A Whole Lotta Kids in the Hall

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Bruce: Spin (July 1995)
"Kid in the Hall of Shame"

Bruce McCulloch is a Canadian comedian with a twisted new album. But he'd much rather be a security guard.

"I think we all wanted to just end it while we all still kind of liked it, while it still meant something to us," says The Kids in the Hall 's Bruce McCulloch about the Toronto sketch comedy troupe's decision to terminate its CBC/CBS TV series after five seasons. "We talked about doing a last episode where every one of our characters dies, which I kind of found humorous but I think people would just fucking hate us for."

Instead, the cast members had themselves buried alive during the closing credits and immediately set to work writing the script for The Drug, their feature film project for Paramount. McCulloch has spent his newfound free time directing humorous short films for the otherwise unfunny Saturday Night Live and recording his debut solo album, Shame-Based Man. "For me, the whole record is about lonely people, which is another good way to sell it," he says wryly of the album's skits, songs, and monologues about obsessive romance ("Our love is like a Bruce Springsteen concert: it's not that great, it's really long but wow, what energy. . ."), overbearing Doors fans, and his experience in April 1994 when the Kids' last tour rolled into Seattle minutes before the huge candlelight vigil for Kurt Cobain. "Would the square be full if he has simply slipped on a small hotel soap?" he wonders. "What if it had been. . .Aaron Neville?"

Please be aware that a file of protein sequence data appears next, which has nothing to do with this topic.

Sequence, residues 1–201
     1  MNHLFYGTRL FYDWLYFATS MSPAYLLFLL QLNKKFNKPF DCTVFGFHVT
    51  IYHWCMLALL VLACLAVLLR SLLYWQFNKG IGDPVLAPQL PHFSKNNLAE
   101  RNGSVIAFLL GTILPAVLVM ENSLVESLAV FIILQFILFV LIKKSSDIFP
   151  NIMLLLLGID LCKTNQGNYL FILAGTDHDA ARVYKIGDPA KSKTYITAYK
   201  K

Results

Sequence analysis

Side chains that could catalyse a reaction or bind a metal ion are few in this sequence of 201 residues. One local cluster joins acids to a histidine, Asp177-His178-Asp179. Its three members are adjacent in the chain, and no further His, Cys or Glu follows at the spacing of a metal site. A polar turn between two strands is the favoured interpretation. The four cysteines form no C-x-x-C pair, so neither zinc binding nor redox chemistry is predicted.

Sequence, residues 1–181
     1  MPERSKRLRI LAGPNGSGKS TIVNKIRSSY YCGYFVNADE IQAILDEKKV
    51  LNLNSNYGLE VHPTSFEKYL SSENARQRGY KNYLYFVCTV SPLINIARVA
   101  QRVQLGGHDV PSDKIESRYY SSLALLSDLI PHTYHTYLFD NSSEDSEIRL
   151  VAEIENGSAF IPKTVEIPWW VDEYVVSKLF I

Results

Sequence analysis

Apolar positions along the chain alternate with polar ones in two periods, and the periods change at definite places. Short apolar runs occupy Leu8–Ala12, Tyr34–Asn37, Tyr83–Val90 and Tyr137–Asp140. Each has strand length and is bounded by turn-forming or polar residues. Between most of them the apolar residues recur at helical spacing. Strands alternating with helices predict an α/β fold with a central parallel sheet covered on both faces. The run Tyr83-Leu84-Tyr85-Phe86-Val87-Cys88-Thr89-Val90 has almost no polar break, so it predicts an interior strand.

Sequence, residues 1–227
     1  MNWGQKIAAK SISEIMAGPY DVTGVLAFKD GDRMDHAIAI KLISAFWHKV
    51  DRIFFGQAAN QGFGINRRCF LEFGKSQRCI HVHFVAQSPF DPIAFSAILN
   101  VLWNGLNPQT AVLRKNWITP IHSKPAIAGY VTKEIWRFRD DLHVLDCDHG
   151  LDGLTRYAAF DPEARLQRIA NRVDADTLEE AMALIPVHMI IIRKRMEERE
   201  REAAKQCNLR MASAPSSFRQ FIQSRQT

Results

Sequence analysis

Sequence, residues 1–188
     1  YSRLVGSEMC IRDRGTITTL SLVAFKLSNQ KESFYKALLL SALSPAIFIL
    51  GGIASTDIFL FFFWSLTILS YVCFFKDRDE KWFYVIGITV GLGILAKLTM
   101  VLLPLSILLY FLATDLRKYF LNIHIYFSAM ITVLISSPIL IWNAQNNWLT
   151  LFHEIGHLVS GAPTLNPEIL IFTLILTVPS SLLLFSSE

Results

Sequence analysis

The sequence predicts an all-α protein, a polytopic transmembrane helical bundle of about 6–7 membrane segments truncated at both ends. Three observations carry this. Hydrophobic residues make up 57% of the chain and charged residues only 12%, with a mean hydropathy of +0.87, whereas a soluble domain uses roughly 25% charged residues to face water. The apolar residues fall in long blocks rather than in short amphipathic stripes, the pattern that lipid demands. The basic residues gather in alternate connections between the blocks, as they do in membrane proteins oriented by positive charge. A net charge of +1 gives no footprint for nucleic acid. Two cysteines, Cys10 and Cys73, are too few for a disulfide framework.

McCulloch's fascination with musical matters shouldn't come as much of a surprise. He was the Kids' most rock-centric member, creating characters such as the drummer of the hapless garage trio Rod Torkelson's Armada Featuring Herman Menderchuk and performing satirical songs such as "Daves I Know." "The idea of guys jumping around onstage is both interesting and ridiculous, and there's that old adage that rock stars want to be comedians and comedians always want to be rock stars." So, given the chance to start anew, which would he prefer to be? "I would rather be a security guard than a rock star," he admits. "You get a flashlight."

[Rubin, Mike. "Kid in the Hall of Shame." Spin. July 1995. p 26.]



 Trista Lycosky

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